As we grow older, we come to accept that our body is perfectly imperfect. Every scar tells a story, accomplishment and triumph of our unwillingness to surrender. In her 2021 New York Times Best Selling book, The Body is Not An Apology, Sonya Renee Taylor shares her message of radical self-acceptance. After spending the majority of her life feeling ashamed of her body and its various imperfections, she came to the realization that she had been apologizing for her very existence. As a self-described recovering self-perfectionist, she explains, “Life is a gift, but it isn’t an innocuous one. Even the careful get cut. Even the cautious fall.” Learning to love her scars gave her the freedom to love herself in a way she never thought possible. Whether it is our body’s ability to bring new life into the world, resulting in stretch marks, or our relentless fight against disease leaving us bruised in countless ways, our bodies are truly remarkable. Holding onto inner shame doesn’t make sense when we learn to be thankful for everything our body has been through. Instead, let’s be confident that the skin we’re in has brought us this far.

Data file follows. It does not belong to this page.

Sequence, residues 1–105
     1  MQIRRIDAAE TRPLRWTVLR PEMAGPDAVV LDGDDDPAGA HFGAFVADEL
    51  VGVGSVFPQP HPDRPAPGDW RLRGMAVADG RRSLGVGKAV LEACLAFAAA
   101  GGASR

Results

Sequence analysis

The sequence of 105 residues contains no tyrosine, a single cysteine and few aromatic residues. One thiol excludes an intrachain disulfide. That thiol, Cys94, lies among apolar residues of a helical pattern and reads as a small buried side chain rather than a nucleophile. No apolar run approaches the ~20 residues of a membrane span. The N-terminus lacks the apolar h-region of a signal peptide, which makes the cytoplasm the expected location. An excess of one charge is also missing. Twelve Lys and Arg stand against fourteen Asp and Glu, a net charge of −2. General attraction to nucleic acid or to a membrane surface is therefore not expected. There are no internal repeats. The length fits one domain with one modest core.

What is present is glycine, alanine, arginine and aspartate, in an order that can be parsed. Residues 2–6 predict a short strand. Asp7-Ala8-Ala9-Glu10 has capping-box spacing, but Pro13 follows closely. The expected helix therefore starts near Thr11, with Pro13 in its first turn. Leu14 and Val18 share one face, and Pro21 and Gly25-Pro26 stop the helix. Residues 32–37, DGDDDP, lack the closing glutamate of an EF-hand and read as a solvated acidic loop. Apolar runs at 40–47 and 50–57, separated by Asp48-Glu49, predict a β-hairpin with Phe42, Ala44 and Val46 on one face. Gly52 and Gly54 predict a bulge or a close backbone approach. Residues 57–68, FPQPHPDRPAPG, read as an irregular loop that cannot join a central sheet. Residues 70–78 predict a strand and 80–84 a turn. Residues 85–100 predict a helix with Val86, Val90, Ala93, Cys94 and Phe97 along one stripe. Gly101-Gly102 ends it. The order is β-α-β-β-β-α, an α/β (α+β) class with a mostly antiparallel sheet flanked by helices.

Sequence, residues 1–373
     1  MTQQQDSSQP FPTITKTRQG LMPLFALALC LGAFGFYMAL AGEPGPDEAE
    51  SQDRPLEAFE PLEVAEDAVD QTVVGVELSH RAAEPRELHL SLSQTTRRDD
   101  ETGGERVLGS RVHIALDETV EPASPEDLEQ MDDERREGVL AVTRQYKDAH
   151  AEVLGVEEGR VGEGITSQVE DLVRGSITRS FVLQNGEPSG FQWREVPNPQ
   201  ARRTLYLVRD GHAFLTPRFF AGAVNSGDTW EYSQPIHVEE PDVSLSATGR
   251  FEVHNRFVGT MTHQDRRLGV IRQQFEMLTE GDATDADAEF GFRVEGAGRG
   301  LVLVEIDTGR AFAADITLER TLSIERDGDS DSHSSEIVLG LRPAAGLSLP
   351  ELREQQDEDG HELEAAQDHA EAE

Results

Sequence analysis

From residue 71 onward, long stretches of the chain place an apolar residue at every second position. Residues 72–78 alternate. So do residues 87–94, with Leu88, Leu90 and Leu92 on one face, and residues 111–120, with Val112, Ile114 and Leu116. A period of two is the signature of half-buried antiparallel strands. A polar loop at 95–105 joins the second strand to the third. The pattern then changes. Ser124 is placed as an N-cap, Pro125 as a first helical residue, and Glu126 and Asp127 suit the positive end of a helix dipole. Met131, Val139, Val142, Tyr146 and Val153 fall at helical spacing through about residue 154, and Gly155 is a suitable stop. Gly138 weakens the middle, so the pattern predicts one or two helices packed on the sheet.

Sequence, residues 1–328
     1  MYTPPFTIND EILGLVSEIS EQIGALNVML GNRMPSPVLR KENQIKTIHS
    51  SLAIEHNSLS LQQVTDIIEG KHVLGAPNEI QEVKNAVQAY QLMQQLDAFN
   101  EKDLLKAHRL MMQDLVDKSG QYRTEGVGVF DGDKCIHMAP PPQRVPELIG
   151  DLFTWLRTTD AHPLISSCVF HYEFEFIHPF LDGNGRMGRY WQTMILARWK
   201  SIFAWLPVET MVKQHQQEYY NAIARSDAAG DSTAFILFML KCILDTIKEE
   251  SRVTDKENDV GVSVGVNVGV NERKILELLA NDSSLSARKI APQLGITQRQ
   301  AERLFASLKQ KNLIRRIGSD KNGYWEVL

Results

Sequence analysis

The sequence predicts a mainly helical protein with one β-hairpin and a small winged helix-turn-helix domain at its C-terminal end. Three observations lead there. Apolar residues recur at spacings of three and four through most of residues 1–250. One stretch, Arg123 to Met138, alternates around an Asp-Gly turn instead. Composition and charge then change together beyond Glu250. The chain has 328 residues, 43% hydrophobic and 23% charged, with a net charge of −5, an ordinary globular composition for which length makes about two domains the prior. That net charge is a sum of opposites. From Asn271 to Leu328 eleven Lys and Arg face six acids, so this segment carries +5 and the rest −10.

Practice Small, Little Acts of Joy